Varsity MTB Challenge route a ‘balancing act’

Although the route builders are striving hard to create a balanced course, competitors in the Varsity MTB Challenge at the end of the month will have their work cut out.

Participants in the two-day Varsity MTB Challenge will face some fresh challenges when the race gets under way at Nederburg in Paarl on September 30. Photo: Robert Ward

The two-day mountain bike race in Paarl, sponsored by First National Bank, starts on September 30 and is an opportunity for alumni, students and the public to experience a memorable outing in the Drakenstein mountains.

Both stages are cloverleaf in nature and start and finish at the Nederburg wine farm. The opening day takes riders over a distance of 50km with 1 500m of vertical ascent, while the last day covers 58km with 1 600m of climbing.

Route director Pieter van Wyk said one of the intricacies they faced with the start at Nederburg was that there was climbing to be done irrespective of which way they went.

“We do try to make it as easy as the terrain will allow us, but it is still going to be quite hard because there is a lot of climbing relative to the kilometres they are riding,” he said.

“Obviously we could make the ride a lot harder, but we want to make sure that we have something that will test the students who are competing while also catering for average riders who do these events for fun.

“So, it’s a matter of finding the right balance.”

Van Wyk said stage one started with a “really long climb” that should spread the field from the outset.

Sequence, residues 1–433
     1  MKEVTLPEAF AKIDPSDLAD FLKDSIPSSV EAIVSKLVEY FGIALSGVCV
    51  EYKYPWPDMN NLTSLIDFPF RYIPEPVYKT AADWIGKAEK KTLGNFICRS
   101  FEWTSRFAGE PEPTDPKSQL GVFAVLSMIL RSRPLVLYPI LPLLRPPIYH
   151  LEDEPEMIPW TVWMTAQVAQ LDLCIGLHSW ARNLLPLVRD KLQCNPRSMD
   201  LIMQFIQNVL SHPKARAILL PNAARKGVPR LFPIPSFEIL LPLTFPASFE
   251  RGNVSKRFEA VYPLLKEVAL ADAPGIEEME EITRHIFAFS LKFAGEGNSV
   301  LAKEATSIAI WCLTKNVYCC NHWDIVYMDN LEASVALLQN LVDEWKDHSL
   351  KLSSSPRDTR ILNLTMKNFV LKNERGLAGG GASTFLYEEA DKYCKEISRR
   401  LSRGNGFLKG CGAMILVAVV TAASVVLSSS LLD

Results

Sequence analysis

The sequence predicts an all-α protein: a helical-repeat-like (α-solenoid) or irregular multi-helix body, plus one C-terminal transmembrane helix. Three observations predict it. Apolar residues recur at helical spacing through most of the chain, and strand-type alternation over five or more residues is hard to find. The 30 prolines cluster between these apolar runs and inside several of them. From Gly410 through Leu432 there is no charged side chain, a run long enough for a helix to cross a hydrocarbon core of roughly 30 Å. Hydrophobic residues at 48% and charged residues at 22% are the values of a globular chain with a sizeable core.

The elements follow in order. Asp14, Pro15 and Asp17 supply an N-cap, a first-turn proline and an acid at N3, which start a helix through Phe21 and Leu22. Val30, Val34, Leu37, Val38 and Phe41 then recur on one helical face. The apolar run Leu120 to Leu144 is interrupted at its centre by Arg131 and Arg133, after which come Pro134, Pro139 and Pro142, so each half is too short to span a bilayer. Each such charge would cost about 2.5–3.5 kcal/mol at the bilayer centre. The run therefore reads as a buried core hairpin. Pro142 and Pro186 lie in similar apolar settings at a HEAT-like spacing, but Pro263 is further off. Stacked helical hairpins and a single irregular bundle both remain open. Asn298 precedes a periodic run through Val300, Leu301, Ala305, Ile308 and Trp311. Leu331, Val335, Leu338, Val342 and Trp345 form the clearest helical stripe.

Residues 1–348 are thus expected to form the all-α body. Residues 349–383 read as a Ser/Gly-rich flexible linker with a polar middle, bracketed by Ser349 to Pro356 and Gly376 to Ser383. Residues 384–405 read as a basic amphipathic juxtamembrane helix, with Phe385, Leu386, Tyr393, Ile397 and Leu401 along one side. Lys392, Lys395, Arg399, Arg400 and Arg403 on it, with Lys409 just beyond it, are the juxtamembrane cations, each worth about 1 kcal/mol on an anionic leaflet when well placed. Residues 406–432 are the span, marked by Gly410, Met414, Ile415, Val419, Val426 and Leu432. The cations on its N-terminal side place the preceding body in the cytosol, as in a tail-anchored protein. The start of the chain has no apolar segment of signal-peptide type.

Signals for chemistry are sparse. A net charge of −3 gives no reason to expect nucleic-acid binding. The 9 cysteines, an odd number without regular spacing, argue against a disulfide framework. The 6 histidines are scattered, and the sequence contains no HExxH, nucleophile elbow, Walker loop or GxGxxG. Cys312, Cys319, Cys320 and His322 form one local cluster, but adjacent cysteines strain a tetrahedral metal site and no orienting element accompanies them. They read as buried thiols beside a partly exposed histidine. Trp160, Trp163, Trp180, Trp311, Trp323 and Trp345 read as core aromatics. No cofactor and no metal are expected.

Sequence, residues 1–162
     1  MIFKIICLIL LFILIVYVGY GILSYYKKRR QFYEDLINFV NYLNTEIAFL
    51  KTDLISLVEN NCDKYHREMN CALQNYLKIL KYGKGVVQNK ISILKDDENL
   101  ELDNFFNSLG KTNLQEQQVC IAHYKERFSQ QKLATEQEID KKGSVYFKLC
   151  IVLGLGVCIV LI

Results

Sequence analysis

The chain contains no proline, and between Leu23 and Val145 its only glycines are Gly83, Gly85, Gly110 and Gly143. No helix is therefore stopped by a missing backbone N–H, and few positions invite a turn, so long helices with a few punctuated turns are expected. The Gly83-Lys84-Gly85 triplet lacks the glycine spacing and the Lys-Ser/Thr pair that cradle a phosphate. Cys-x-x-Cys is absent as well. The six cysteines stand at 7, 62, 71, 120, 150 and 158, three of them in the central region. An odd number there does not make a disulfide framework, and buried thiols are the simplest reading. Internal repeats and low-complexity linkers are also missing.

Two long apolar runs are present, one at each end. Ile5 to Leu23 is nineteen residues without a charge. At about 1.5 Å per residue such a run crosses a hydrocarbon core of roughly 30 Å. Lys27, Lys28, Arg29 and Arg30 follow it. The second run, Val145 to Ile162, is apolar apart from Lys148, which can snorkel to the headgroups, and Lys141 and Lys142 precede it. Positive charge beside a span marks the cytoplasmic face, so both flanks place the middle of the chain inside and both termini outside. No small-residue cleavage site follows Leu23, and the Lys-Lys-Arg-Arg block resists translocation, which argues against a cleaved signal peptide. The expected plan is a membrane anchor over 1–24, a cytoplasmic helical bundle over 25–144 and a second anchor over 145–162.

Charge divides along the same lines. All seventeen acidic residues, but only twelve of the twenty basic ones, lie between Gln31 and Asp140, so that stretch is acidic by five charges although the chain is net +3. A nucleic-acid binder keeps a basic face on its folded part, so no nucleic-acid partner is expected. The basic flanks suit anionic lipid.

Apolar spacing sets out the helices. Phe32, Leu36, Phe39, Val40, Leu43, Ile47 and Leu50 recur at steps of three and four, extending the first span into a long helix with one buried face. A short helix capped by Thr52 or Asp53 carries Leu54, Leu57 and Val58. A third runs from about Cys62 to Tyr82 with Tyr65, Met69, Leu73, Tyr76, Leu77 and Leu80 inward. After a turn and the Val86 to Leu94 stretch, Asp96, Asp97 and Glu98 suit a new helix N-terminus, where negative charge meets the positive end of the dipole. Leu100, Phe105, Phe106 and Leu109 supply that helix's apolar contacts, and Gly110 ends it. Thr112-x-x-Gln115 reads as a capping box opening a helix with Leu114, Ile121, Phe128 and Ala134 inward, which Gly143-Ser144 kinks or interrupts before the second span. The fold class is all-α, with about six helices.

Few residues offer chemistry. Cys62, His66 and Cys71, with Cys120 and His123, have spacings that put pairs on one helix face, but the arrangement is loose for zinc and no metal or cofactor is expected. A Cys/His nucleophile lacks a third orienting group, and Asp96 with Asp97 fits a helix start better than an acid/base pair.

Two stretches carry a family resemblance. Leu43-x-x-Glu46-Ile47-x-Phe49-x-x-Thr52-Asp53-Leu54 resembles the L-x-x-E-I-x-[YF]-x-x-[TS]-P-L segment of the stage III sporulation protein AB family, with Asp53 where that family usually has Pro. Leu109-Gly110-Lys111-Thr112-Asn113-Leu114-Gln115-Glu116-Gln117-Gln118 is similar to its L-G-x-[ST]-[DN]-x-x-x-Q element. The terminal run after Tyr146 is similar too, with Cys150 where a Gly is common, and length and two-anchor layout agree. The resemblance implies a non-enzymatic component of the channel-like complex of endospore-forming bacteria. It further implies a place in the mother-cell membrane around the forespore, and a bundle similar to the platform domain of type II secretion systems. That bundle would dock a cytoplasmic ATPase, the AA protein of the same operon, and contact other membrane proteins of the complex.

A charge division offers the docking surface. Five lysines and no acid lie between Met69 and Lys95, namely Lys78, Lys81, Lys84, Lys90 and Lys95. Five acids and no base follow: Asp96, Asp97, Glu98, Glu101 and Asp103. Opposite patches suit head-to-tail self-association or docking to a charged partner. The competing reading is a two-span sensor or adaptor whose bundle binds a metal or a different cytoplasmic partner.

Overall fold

“The main difference between the two days is that stage one has longer climbs. The second is up and down with more frequent, shorter uphills.”

He said participants climbed Du Toitskloof Pass on both days, but would head into the Drakenstein mountains on day one and towards Wellington on stage two.

“There are some tough sections on the first day, but you get amazing views from the top of the pass,” he said, pointing out that day two would feature “a lot” of single-track sections.

He said the change in start and finish venues meant riders would face plenty of fresh challenges.

“The start is the same as last year on stage one, but then there are some changes because they return to Nederburg instead of going all the way to La Paris.”

Van Wyk said it was important for them to add new elements each year so that the participants could experience something different.

“Next week we are going to add two kilometres of single-track to the second stage and the riders should enjoy these new sections.”

Darren Herbst of ASG Events explained that although the ultimate alumni challenge catered for all cyclists, it provided an opportunity for former students to ride for their chosen institution with a partner of their choice.

According to him, official student teams from the top eight tertiary institutions would compete in a separate event within the main race.

Visit to enter or for more information.

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